We recognise the unsatisfactory way in which people were informed, and we apologise. The consultation method is designed by TfL (Transport for London) and the government and is unlike anything we usually do.

Several councils – including Kent County Council, and Brighton and Hove – have resolved to consult on future schemes delivered with an Emergency Active Travel Fund grant. In distributing the second tranche of the grant, now renamed simply the Active Travel Fund, the government emphasised that all councils should consult before schemes are implemented.

In our FOI survey, 30 local authorities said that they had implemented a LTN in 2020, and none of these had carried out a public consultation prior to implementing the order. (The total number of LTNs introduced in 2020 is likely to be higher, since many were introduced at a county council level. Government documents state that 10 combined authorities and 65 local authorities received active travel grants, for initiatives including LTNs).

In response to our FOI, many councils cited funding deadlines as the reason for their lack of consultation. Buckinghamshire said that ‘The schemes were implemented under the government’s Emergency Active Travel Fund which has short, centrally-set, timescales. Due to this, a public consultation was not possible prior to implementation.’ Meanwhile, Lewisham said: ‘We were urged to implement the emergency Covid-19 Streetspace response schemes in a “matter of weeks” by government and this meant that there wasn’t time to consult and engage with people as would normally be the case.’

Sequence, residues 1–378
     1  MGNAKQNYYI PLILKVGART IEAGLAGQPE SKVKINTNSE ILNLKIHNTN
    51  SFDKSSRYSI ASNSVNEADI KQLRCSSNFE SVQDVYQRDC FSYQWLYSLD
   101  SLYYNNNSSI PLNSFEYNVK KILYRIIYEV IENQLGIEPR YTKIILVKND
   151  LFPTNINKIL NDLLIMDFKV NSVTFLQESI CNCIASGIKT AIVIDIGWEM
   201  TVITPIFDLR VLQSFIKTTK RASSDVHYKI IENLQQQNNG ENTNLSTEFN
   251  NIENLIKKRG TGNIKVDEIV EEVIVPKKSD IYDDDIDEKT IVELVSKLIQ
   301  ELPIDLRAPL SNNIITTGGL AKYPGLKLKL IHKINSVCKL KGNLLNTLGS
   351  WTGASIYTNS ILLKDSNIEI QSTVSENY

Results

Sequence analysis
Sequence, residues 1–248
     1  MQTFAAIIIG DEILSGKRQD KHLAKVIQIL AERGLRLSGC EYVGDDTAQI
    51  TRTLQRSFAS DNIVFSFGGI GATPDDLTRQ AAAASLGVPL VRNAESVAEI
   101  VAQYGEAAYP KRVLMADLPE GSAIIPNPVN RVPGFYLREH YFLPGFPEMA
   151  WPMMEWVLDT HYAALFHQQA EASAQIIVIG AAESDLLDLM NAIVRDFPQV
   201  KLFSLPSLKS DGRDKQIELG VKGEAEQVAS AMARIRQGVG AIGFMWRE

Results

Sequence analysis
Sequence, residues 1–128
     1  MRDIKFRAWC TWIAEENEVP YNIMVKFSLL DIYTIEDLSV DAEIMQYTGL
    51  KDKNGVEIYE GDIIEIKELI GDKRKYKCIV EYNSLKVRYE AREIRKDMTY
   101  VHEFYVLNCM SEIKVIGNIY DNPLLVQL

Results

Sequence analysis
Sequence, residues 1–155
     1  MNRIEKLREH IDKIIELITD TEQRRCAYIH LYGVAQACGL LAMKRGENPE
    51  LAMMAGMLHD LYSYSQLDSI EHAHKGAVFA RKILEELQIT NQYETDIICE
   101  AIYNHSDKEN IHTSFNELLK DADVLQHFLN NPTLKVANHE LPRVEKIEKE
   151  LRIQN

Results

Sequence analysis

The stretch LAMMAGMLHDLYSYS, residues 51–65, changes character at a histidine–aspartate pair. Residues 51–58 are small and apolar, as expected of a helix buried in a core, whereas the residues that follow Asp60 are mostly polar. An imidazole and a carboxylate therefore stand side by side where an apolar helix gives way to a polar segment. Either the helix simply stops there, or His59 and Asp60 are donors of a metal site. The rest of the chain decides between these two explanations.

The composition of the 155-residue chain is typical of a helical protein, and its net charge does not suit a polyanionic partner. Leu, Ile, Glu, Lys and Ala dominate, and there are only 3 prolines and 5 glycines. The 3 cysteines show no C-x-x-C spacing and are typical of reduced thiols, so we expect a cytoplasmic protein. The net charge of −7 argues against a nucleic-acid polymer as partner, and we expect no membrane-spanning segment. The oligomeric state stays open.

It appears to be the intention of central government that these measures would lead to a permanent change in road use, with transport secretary Grant Shapps describing a ‘once in a generation opportunity to deliver a lasting transformative change in how we make short journeys in our towns and cities’. This episode shows the way in which councils have been encouraged to use emergency powers to make summary orders that deliver central government policy, rather than to respond to the needs and wishes of their populations. Consultation appeared to be an afterthought, to rubber stamp or adjust a scheme already in place, rather than part of the process of policy formation.

However, the rapid reallocation of road space through LTNs also coincides with a certain ethos within local government transport policy. West Midlands’ LTN document was clear that the aim was to use the pandemic in order to change the way people travelled: ‘Swift action was required to ensure that we were able to profit from the summer season to maximise our chances of embedding long term behaviour change.’

Andrew Forster, editor of Local Transport Today magazine between 2001 and 2021, describes the climate currently existing within local authority transport policy:

Many councils now see changing travel behaviour – reducing road traffic – as supporting their objectives in matters such as placemaking, health, air quality and climate. Moreover, many of today’s transport policymakers and practitioners are pro-bike, pro-walking and want to see less car use – they are reform-minded people. Changing travel behaviour involves not only improving conditions for pedestrians, cyclists and public transport, but also making driving less attractive through, for instance, traffic restrictions, lower speed limits, reallocating road space, and pricing.

This signifies a shift within local government from representing people’s needs, to delivering on certain predetermined reform agendas.

In total, our FOI results found that 222,702 PCNs were issued by the 13 councils who said they had introduced new Low-Traffic Neighbourhoods that restrict access for cars.